image The Annunciation by Henry Ossawa Tanner


You, the Holy, beckon but are just out of reach. Your light calls and continues beckoning. Are you still there?

Sounds of silent screams fill the space where there is no light within me — tugging at my heart, filling voids in my heart with lies.

Sunrays begin to stream in, beckoning, inspiring, lingering, loitering at times. The darkness fades, never seeming to disappear, only to dissipate.

To receive Your touch burns yet seems to heal scars. You see the open wounds oozing blood and filled with pus. My body is seared with preceding and imprinted pain. Light permeates and begins a type of mending process. Senses scattered in pieces, collected somehow. Maybe by Your gentle voice, calling and beckoning me to return to the healing light; effervescent filtered light sending streams of warmth.

To intuit Your presence seems a laden envelopment. Yet I perceive Your hallowed presence in the light. The constant light melts those cold crusts formed, molded and hardened with the repeated pattern over time. The discarded, concealed wounds softened by the gentle warmth, becoming pliable and manageable, reconfigure and urge my weary fatigued and fractured body to respond to Your respectful beckoning.

I listen laboriously — breathe in, breathe out — and sit waiting, struggling to decide, desirous of a quick solution, now, questioning the answer born in pain already made. Your light continues to filter and beckons more firmly. Your voice calls and now beckons with a peculiar nagging strength; still, in some way, not intrusive of my choice.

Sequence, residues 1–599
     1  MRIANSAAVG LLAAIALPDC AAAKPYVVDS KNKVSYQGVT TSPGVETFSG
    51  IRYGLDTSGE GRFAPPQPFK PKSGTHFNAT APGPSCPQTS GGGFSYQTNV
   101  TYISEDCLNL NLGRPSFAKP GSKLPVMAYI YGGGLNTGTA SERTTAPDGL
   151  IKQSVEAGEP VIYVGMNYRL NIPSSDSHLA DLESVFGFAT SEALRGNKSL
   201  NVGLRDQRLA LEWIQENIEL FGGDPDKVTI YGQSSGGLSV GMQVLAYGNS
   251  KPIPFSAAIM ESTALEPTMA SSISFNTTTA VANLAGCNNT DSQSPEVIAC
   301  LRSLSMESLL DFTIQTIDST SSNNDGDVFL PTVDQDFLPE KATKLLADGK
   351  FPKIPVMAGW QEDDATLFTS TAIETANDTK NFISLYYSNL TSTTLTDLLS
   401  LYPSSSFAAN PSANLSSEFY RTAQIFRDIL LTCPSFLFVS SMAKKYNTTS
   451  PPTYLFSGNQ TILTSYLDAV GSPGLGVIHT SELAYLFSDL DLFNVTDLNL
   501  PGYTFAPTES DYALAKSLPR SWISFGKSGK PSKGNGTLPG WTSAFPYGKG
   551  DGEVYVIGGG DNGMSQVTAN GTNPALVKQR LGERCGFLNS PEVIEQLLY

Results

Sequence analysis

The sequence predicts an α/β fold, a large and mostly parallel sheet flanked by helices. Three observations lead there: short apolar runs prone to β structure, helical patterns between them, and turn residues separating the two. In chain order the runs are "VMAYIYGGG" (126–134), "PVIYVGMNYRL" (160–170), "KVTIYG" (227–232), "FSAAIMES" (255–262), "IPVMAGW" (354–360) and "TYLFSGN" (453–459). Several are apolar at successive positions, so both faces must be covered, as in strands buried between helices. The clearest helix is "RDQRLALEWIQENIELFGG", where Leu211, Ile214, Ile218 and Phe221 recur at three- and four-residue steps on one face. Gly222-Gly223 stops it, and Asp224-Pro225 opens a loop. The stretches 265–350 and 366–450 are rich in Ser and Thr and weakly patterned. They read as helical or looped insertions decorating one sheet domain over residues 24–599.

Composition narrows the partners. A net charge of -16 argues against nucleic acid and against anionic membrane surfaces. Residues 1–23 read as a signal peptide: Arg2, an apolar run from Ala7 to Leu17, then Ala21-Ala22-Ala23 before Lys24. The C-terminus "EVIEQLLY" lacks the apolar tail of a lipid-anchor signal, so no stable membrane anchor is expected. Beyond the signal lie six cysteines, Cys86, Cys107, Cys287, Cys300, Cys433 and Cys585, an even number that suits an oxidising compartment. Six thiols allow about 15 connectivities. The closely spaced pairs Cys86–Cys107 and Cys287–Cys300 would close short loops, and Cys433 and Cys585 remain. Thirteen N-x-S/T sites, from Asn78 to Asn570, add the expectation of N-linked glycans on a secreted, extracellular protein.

Yet once again, darkness reappears suddenly with unmanageable shaking tremors, terror again taking hold. Wondering when it will all come to an end: will the suffering ever stop? Your persistent light continues to flicker, sending warmth and beckons once again. The terror slightly retreats.

Confusion clouds emerge, hiding the persistent beckoning light; established fatigue manufactures a slow restrained pace of response within me. Sleep deprived and exhausted, searching for You.

My soul looks with eyes downcast seeking solace in Your words, in Your beckoning, considering an alternate truth — to live! Yet my body seems as stone, a solitary obelisk, unmovable.

Night falls. Your light reemerges renewed with increased sturdier streams of gentle, billowing warmth, wrapping and binding up the wounds so deep, only You know where they are — the glow gingerly applying healing balms — You patiently, persistently call me again, beckoning and gesturing for new beliefs, permeating my being with a humble strength.

Somehow I finally hear Your muffled voice now desperate to respond, and the words begin to unfold, begin to fall out, telling the forbidden secrets, now freed from the prison of the ancient dungeon. Slowly safety emerges, held secure in Your steady beckoning light, issuing a summons of truth. Live!! Choose Life!

Now held and enveloped in Your light, I find courage and my heart responds: I am your hand maid may it be so.

Please, let it be so. 

image The Annunciation by Henry Ossawa Tanner
Henry Ossawa Tanner: The Annunciation, 1898 Archival


Sharon Dillon is a Sister of St. Joseph of the Third Order of St. Francis currently residing at The Fireplace in Chicago. As a 15-year master special educator, writer and Franciscan spiritual director, she is always looking at life with a focus on the integration of theology with her Franciscan spirituality. Sister Sharon has previously served as the executive director of both the Franciscan Mission Service of North America and the Franciscan Federation of the Third Order for the United States, as well as board of directors president of My Own Place Inc., an agency that provides housing for individuals with special needs. Currently Sister Sharon teaches special education at a public middle school.

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